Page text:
Jeremiah had a message from God that gave hope and perspective for the people of Judah in the midst of imminent captivity. God promised to restore them to their land, no matter how far He scattered them. Their disobedience had brought His anger and wrath. They deserved His punishment. But His commitment to them could not be terminated. He would do a new thing and bring them back and establish them. They would have His word in their hearts in that day. They would be stable in their faith and obedience. He would give them a new covenant to replace the old one they had so miserably disregarded. But God would not just do His people good. He would rejoice to do them good. He promised to plant them in the land “with all [His] heart and all [His] soul.”

That promised new covenant was brought about by the Messiah, the Lord Jesus Christ. Paul had met Christ in a dramatic way and spent the rest of his life proclaiming the good news of salvation through Him. He wrote to Titus to remind him that God redeemed His people from lawlessness so that they would belong to God and be “zealous for good works.”

Think about it

Do you do good works with joy and delight?  If we would be godly, we must not merely do the right thing but be sure that action is accompanied by correct attitudes. Seek to do good and to do it with a God-honoring spirit of grace and love.

Our Role in Culture: Finding the Balance

Can believers make a positive impact on culture without being consumed by it? How can we avoid the dangers and find the balance?

Today’s Reading

Jeremiah 29-30; Titus 1

Selected Verses

But seek the welfare of the city where I have sent you into exile, and pray to the Lord on its behalf, for in its welfare you will find your welfare. Jeremiah 29:7

This is why I left you in Crete, so that you might put what remained into order, and appoint elders in every town as I directed you. Titus 1:5

Reflections

While it is true that in Jeremiah’s day the Jews went into exile under the disciplinary action of God upon Judah, life for those exiles was not put on hold as if it were meaningless or purposeless. They would not be coming back to Jerusalem soon. The elderly among them would die before the seventy year captivity ended. False prophets told them to expect a quick return to their native land. Jeremiah, by God’s revelation, commanded them to settle down, plant gardens, buy houses, have children, and seek the welfare of their land of captivity. In other words, God commanded them to do the regular activities of normal life and to be good citizens as much as possible. Indeed, Daniel exemplified this attitude and was a great asset to Babylon in both his personal life and public service. We’ll look at this when we get to the book of Daniel.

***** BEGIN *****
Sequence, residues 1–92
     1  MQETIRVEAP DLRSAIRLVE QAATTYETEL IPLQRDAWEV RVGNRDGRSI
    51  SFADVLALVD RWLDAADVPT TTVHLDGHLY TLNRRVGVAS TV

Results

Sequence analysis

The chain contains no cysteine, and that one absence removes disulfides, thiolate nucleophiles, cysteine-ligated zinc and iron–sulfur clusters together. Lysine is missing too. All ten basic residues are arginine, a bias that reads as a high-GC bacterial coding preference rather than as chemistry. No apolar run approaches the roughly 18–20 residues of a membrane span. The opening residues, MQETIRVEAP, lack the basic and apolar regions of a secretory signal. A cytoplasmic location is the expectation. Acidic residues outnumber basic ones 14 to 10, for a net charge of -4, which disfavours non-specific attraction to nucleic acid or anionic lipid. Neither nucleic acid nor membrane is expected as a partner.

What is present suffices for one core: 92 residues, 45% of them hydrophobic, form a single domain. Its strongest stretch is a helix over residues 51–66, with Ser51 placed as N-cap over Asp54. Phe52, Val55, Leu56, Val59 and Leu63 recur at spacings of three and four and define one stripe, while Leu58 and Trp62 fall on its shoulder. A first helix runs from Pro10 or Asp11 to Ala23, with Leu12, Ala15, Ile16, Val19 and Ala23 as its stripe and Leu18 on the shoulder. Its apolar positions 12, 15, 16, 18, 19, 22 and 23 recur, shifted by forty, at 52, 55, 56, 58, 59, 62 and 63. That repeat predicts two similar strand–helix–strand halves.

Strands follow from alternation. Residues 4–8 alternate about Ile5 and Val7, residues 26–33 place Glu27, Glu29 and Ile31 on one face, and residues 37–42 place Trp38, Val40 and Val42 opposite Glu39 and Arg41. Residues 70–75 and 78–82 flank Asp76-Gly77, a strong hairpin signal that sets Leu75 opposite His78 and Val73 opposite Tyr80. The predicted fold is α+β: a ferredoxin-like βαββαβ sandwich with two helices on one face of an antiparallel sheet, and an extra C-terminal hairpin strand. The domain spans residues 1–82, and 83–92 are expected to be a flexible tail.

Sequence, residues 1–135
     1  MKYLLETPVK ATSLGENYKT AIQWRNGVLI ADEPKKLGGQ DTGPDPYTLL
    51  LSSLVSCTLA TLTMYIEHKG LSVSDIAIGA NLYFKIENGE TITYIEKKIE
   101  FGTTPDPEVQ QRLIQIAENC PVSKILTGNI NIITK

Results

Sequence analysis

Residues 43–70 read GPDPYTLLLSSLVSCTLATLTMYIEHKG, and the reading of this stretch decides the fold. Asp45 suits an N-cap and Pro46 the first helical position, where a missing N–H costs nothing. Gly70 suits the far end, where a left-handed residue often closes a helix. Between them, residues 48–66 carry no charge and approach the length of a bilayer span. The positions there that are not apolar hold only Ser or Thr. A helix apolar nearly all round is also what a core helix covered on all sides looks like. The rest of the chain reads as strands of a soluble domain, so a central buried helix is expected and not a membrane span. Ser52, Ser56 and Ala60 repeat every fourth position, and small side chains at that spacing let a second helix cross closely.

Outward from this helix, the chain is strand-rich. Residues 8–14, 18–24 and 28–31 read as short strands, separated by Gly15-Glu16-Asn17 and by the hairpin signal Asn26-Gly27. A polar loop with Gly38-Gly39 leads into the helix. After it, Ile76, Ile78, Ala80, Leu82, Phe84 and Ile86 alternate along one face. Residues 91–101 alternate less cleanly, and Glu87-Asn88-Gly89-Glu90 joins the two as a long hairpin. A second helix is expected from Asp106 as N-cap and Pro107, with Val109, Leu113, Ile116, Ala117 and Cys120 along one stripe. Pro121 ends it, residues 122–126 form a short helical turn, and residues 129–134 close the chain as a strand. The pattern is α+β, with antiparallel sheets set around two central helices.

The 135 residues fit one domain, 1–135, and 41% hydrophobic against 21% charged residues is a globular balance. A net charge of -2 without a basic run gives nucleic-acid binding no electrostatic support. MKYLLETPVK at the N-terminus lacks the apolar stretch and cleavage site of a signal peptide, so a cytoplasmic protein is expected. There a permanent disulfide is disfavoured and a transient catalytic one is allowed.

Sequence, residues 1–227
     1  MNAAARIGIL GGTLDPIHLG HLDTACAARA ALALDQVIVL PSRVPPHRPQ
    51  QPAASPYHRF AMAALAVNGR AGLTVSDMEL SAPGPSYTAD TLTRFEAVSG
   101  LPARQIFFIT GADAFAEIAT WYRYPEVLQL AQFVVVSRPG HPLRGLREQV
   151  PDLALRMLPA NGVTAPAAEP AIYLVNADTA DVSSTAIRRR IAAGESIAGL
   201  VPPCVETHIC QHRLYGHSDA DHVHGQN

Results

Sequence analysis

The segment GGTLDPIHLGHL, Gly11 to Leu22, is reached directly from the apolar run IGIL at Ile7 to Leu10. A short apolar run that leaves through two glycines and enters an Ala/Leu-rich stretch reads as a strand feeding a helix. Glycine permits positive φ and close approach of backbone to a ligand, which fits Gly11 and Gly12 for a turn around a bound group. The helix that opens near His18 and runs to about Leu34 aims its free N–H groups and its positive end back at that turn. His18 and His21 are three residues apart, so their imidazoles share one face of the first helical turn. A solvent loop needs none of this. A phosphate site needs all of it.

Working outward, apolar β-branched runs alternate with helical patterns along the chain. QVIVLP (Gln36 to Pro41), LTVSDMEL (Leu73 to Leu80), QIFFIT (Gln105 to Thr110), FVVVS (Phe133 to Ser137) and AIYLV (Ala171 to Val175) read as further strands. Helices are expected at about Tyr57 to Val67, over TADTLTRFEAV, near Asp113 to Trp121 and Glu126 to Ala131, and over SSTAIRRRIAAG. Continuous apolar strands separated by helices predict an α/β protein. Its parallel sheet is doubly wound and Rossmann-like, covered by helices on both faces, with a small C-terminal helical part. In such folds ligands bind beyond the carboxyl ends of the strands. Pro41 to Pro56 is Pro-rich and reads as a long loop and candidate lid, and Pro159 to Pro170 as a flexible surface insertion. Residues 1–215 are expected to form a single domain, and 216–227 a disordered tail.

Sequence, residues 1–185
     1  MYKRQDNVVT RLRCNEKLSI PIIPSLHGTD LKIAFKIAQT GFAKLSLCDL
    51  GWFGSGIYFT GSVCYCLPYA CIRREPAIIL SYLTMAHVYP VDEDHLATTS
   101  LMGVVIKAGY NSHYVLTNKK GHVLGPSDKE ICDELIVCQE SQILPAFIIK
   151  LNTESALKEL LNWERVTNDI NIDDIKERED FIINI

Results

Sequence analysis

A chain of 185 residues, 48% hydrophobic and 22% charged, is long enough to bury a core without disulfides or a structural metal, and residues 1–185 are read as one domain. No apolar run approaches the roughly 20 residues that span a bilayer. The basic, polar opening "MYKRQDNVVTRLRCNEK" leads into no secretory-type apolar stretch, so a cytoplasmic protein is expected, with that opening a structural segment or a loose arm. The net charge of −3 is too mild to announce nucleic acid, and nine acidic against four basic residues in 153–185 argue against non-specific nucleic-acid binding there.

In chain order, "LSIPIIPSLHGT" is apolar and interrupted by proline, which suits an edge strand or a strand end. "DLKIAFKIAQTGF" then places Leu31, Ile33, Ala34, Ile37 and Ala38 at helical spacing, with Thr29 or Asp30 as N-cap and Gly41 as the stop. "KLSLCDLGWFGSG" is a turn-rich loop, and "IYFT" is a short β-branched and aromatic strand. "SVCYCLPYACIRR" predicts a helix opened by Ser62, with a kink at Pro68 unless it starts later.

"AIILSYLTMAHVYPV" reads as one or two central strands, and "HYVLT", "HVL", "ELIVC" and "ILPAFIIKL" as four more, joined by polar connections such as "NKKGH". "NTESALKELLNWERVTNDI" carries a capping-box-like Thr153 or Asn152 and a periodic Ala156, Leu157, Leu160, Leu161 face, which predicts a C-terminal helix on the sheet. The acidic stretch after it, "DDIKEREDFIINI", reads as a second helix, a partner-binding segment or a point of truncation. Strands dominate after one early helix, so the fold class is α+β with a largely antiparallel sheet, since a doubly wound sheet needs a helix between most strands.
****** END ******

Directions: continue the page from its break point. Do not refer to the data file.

Paul wrote his letter to Titus whom he had left on Crete to organize the church under godly leadership. The Cretan people had a bad reputation in general, making it crucial that Titus adhere to the apostolic standards for elders so that the church would not be tarnished by scandal. The church in Crete had to have men above reproach to be their elders. They, like the obedient exiles in Babylon, would stand against the culture of their day and make a difference.

Think about it

There is an ongoing debate among Bible-believing Christians about the role of the Church in society. Should we seek to transform it or flee from it?  Both positions have a basis in the Scriptures.   It is hard to be completely on either side of this debate. God calls us to exercise wisdom that the Church not be consumed with changing society and lose the gospel.  Nor may we be so separate from the world that our gospel witness is lost.

Pray for wisdom to fulfill the role of salt and light, (Matthew 5:13-16) of being in the world but not of the world as Jesus prayed (John 17:14-19).

Preparing for the Bad, Last Days

What should we do to prepare for the future? Scripture is clear. Know God’s Word well and you will be ready to complete whatever assignment God has for you.

Today’s Reading

Jeremiah 25-26; Second Timothy 3

Selected Verses

[Jeremiah said] “Only know for certain that if you put me to death, you will bring innocent blood upon yourselves and upon this city and its inhabitants, for in truth the Lord sent me to you to speak all these words in your ears.”

Then the officials and all the people said to the priests and the prophets, “This man does not deserve the sentence of death, for he has spoken to us in the name of the Lord our God.”  Jeremiah 26:15-16

All Scripture is breathed out by God and profitable for teaching, for reproof, for correction, and for training in righteousness, that the man of God may be complete, equipped for every good work. Second Timothy 3:16-17

Reflections

Paul writes to instruct Timothy in his pastoral duties and also to alert him (and all of us who have lived since him) as to the dangerous, difficult times that were and are to come. We read the list which begins with “lovers of self” and ends with “having the appearance of godliness but denying its power” (vs. 2-5). Narcissism would be rampant with phony, hypocritical uprightness.

Paul didn’t worry that Timothy would go astray. He knew the depth of character of his protégé. Not only that, Timothy had the Scriptures his whole life, the Word of God which brings wisdom for salvation and goes on to teach, reprove, correct, and train all who know it. Paul did want Timothy to continue to rely on the Word for his own life and for his ministry in light of the expected difficulties ahead.

Jeremiah affirmed to the rebellious leaders of Judah that he spoke God’s Word to them. They not only ignored it but pondered executing him for preaching it. He barely escaped death for standing on God’s Word. He might have died for preaching the truth, but his enemies would and did die by it.

Think about it

How do we prepare for whatever may come? There’s nothing wrong with stocking up on food, water, and firewood, but without a deep knowledge of the Bible it will be in vain. Be prepared God’s way, by His Word, given to us that the man or woman of God “may be complete, equipped for every good work” including enduring the bad, last days. The Bible brings us spiritual growth as we allow it to teach, reprove, correct, and train us throughout the years of our lives. Make the daily study of Scripture your priority.